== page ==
Yeah, they all moved to Jacksonville!

heights unknown

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Re: Elements of Urbanism: Pittsburgh
« Reply #7 on: August 05, 2009, 09:48:48 AM »
They moved somewhere; Pittsburgh has lost over half of it's population since the 1950's...Tampa is now bigger than Pittsburg in population.  I guess the steel mill closings has a lot to do with the great big loss of population, but it seems that the main infrastructure, and many of the old buildings and artifacts have remained intact and are in excellent shape despite the people flight from Pittsburgh.  Don't think I'd want to live there.

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Lunican

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Re: Elements of Urbanism: Pittsburgh
« Reply #8 on: August 05, 2009, 09:51:00 AM »
Jacksonville has suffered the same problems with population loss, but it has been concealed by consolidation.

Captain Zissou

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Re: Elements of Urbanism: Pittsburgh
« Reply #9 on: August 05, 2009, 10:00:09 AM »
Quote
City Population Growth from 2000 to 2008

Pittsburgh: -24,526
Jacksonville: +72,312



Yeah, they all moved to Jacksonville!

I can see this as a possibility.  Ever been to the Steelers/ Jags game? Half the stadium is black and yellow.  Come on Football Season!

brainstormer

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Re: Elements of Urbanism: Pittsburgh
« Reply #10 on: August 05, 2009, 10:16:10 AM »
Right on Lunican!  Our growth has not been in what I consider the city of Jacksonville, it has been in the outlying areas which in most other metro areas are independent, attached suburbs.

And Lucas, your dad supports my point.  All of a sudden the area is a destination area, not just on game days.  Would you go back there just to eat at a great restaurant on say a Wednesday night?  Just having dinner near the stadium is exciting even for a non-fan.  Image imprinting is constant and pretty soon, you think, hey I should go to a game sometime.
Plus attending a concert or sports event is so much more than just driving in, parking, attending, and then driving home. Jacksonville has not harnessed the potential our stadium area has and we are suffering because of it.  It shouldn't just be about going to the game.  The surrounding neighborhood should be inviting and create a vibrant atmosphere.  It should encourage people to come early and stay late.  How sad that the lone sports bar in our stadium area is only open when events happen.  Right there shows we have failed.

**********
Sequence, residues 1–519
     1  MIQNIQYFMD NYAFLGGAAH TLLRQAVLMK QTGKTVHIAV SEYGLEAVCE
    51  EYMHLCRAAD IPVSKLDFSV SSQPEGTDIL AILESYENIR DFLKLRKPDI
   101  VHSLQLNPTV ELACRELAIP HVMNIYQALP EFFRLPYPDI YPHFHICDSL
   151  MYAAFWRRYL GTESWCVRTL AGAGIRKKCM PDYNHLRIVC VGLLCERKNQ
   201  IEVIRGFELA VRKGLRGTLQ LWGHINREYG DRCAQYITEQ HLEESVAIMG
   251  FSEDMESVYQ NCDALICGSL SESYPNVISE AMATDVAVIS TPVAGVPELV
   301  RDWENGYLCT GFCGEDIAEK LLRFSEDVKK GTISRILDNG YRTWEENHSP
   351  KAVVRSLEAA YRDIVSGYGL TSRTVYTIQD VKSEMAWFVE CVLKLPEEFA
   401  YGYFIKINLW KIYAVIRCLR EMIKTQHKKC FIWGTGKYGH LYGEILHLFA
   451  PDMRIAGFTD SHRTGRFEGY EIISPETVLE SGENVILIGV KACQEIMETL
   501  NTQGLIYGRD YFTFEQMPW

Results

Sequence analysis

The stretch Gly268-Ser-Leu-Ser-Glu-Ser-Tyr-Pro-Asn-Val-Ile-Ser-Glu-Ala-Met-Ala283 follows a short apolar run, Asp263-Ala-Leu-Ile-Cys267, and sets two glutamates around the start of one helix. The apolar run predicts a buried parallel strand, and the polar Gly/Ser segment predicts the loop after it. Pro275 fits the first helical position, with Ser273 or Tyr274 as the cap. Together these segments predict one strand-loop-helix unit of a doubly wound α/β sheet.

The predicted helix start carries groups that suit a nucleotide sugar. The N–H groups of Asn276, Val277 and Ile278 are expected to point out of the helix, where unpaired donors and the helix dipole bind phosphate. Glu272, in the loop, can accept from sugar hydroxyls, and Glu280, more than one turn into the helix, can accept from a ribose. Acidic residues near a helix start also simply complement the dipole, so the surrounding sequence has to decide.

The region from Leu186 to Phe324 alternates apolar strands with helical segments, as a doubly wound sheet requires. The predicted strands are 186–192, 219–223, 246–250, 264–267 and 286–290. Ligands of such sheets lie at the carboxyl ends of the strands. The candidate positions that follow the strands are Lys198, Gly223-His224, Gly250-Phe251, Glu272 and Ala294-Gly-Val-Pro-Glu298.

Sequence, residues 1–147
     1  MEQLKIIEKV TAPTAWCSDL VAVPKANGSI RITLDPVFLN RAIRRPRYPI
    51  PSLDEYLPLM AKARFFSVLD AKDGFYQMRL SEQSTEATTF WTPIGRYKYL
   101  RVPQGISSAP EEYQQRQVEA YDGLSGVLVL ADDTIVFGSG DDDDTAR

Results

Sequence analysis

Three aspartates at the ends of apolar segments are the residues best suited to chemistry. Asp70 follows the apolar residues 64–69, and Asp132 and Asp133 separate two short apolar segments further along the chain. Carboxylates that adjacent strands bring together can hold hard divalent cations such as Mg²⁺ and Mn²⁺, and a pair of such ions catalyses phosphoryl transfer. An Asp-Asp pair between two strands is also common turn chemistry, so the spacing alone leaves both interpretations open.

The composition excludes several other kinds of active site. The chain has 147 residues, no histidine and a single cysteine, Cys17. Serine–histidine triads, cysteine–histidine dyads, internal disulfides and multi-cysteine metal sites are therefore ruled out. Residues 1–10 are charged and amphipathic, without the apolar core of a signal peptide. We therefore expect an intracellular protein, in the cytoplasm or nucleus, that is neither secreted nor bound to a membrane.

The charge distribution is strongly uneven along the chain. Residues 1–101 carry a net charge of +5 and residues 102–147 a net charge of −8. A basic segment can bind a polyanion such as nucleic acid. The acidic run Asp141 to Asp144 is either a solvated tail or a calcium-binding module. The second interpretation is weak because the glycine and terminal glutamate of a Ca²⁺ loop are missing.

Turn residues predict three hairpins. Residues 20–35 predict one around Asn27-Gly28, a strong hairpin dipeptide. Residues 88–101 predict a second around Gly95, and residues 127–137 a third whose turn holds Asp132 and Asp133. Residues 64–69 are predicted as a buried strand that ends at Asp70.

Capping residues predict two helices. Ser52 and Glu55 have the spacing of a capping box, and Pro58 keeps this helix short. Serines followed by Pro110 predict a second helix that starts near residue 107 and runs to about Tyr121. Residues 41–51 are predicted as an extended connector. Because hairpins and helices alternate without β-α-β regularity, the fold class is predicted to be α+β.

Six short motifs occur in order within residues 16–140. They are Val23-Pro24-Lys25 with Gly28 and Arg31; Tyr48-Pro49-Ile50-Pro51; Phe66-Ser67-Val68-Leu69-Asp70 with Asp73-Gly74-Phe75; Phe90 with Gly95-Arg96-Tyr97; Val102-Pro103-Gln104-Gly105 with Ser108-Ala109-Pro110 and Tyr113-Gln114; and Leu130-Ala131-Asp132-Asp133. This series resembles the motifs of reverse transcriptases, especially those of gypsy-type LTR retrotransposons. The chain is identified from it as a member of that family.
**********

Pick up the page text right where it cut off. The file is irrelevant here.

reednavy

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Re: Elements of Urbanism: Pittsburgh
« Reply #11 on: August 05, 2009, 10:16:30 AM »
Largest LEED convention center in the world, for now. Nashville's will take the title when it opens in 2013.

Oh, and brain, most of the growth outside of the city has been in unicorporated Clay and St. Johns Counties, not much within actual cities themselves. Even with that said, from 1990 to 2000, the city ballooned by almost 100,000 people.

Oh, and Captain, I was at an Arizona Cardinals game in 2007, and half the stadium was Steelers fans. Safe to say, they're all over, to escape the atrociousness that is, as I've heard it called, Shittsburgh.
« Last Edit: August 05, 2009, 10:20:18 AM by reednavy »
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Lucasjj

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Re: Elements of Urbanism: Pittsburgh
« Reply #12 on: August 05, 2009, 10:17:41 AM »
I am one of those in black and yellow. I do have to give credit though to Jag fans for the playoff game in Pittsburgh. It was nothing like the amount of Steller fans that are at Jaguar games, and many other stadiums for that matter, but there was more teal there than I expected. Some of the people near us that were from Ponte Vedra even said they were going to New England the following week.

Lucasjj

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Re: Elements of Urbanism: Pittsburgh
« Reply #13 on: August 05, 2009, 10:22:10 AM »
It shouldn't just be about going to the game. The surrounding neighborhood should be inviting and create a vibrant atmosphere. IT should encourage people to come early and stay late. How sad that the lone sports bar in our stadium area is only open when events happen. Right there shows we have failed.

One of the sports bars that has really helped the area around Heinz field is Jerome Bettis' Grille 36. If Jacksonville could have a player to attach to open up something around the area, it could it help attract people for more than just a game. If Fred comes back to this area, or if Tony and Mark weren't just into What-A-Burgers, they could have this affect.

Captain Zissou

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Re: Elements of Urbanism: Pittsburgh
« Reply #14 on: August 05, 2009, 10:38:30 AM »
I think the Image Imprinting aspect of developing around the stadium is a great point.  I went to Auburn, AL (of all places) and ate in the shadow of their stadium, which was really neat.  Just thinking about what goes on around game day in that area made the whole meal that much more exciting.  I'm going back this fall just to relive the experience and go to a game this time.